How Can I Tell If the Neighbors Are Using My Wireless Internet?

By Tommy Charles

Wireless networks in the home allow us the freedom of using our portable devices where we please, but they can also present a security risk if the passwords that secure them are known to others. Unfortunately, a router will allow anyone access to a network who knows this password. Your router is only capable of transmitting a limited amount of data at one time, and the more people that are using it, the slower the Internet will seem to everyone.

Step 1

Click "Start," type "Network Map" into the search bar and then click "Manage wireless networks."

Step 2

Click the tab entitled "Network and Sharing Center" located in the upper right-hand side of the window that appears.

Step 3

Click the small blue link entitled "See full map."

Step 4

Peruse the list of connected devices, taking note of those that you can identify and those that you cannot.

Tips & Warnings

  • Each device connected to your network will have a name. This will make it easy to discern between devices in your home and those outside of it.
  • Typical wireless routers are not capable of transmitting a usable signal more than a few hundred feet. Anyone connected to your network is either someone in your home, a neighbor or someone very close outside.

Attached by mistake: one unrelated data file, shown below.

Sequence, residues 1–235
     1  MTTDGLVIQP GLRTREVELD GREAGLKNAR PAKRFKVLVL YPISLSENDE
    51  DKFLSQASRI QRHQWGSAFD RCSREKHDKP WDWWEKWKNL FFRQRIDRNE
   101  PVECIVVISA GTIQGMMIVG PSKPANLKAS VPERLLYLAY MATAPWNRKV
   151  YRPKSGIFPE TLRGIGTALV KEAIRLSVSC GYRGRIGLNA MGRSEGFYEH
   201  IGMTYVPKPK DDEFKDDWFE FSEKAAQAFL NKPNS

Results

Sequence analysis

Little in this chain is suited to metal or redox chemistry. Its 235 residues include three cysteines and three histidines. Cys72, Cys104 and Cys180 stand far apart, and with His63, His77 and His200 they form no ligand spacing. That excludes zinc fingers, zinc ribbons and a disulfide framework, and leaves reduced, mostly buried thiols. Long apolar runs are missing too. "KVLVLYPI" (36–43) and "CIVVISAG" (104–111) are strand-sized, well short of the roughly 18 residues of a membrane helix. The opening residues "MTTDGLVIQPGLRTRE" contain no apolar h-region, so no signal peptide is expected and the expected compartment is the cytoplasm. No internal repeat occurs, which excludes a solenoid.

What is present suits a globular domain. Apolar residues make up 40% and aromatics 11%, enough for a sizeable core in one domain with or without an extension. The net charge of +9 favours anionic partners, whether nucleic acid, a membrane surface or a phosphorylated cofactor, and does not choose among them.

• You can deal with any unauthorized access very easily by changing your router's password. Think about using a password that is a minimum of 8 characters and that is made up of both letters and numbers. Consult your router's documentation or online support for more information.
  • Change your password often.
  • After resetting your password, distributing it to those allowed to have it and reinitializing your network, you should find that only names that you recognize in the network map.
  • Avoid using passwords that mean something to you. Do not use the name of pets or children, and do not use dates such as anniversaries.
  • Secure any compromised networks immediately. A neighbor stealing Internet bandwidth may seem a small offence, but their intrusion can pave the way to more serious intrusions by cyber-criminals should their own systems be compromised.

References & Resources